Role of Seaports and Imported Rats in Seoul Hantavirus Circulation, Africa - INRAE - Institut national de recherche pour l’agriculture, l’alimentation et l’environnement Access content directly
Journal Articles Emerging Infectious Diseases Year : 2023

Role of Seaports and Imported Rats in Seoul Hantavirus Circulation, Africa

Abstract

Seoul orthohantavirus (SEOV) is not considered a major public health threat on the continent of Africa. However, Africa is exposed to rodentborne SEOV introduction events through maritime traffic after exponential growth of trade with the rest of the world. Serologic studies have already detected hantavirus antibodies in human populations, and recent investigations have confirmed circulation of hantavirus, including SEOV, in rat populations. Thus, SEOV is a possible emerging zoonotic risk in Africa. Moreover, the range of SEOV could rapidly expand, and transmission to humans could increase because of host switching from the usual brown rat (Rattus norvegicus) species, which is currently invading Africa, to the more widely installed black rat (R. rattus) species. Because of rapid economic development, environmental and climatic changes, and increased international trade, strengthened surveillance is urgently needed to prevent SEOV dissemination among humans in Africa. Rodents are widespread, opportunistic, and competent host reservoirs involved in the maintenance, circulation, and transmission of a wide panel of zoonotic pathogens (1). Rodent-related zoonoses cause up to 400 million human infections worldwide each year (1,2). Among zoonotic pathogens, hantaviruses (order Bunyavirales, family Hantaviridae, genus Orthohantavirus) are among agents considered most likely to emerge and have a global public health impact (3). Hantaviruses are enveloped, negative, single-stranded RNA viruses with a tripartite genome comprised of large, medium, and small segments. Transmitted to humans via inhalation of aerosolized virus in contaminated rodent urine and feces, hantaviruses can cause hemorrhagic fever with renal syndrome (HFRS) or hantavirus pulmonary syndrome (4). Hantaviruses are generally carried by a rodent species host, and geographic distribution of the host can determine the area in which the associated disease occurs among humans. From this perspective, Seoul orthohantavirus (SEOV), identified in South Korea in 1982, deserves special attention because its cosmopolitan host, the Norwegian rat (Rattus norvegicus), also known as the brown rat, has been dispersed worldwide, resulting in a global distribution of the virus today (5). Detection of SEOV is often considered anecdotal and speculated to be driven by sporadic introduction of infected brown rats via transportation but also by pet or laboratory rats (6,7). Diagnosing SEOV in humans remains a challenge due to milder and atypical HFRS pathology (8). However, mild symptoms can progress to acute renal disease associated with HFRS, in which patients experience low blood pressure, acute shock, and acute kidney failure, and the case-fatality rate is ≈1% (9).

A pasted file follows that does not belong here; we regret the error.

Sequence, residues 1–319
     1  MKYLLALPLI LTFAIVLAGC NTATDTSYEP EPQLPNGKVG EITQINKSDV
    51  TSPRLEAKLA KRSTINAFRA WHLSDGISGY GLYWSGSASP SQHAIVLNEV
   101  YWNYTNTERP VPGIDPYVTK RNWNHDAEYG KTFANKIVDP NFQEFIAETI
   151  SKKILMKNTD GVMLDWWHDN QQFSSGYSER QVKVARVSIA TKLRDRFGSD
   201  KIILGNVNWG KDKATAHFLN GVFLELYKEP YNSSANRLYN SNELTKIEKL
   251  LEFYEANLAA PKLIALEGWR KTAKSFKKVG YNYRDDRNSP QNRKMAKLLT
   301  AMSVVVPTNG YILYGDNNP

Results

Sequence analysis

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hal-03957326 , version 1 (26-01-2023)

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Guillaume Castel, Claudia Filippone, Caroline Tatard, Jacques Vigan, Gauthier Dobigny. Role of Seaports and Imported Rats in Seoul Hantavirus Circulation, Africa. Emerging Infectious Diseases, 2023, 29 (1), pp.20-25. ⟨10.3201/eid2901.221092⟩. ⟨hal-03957326⟩
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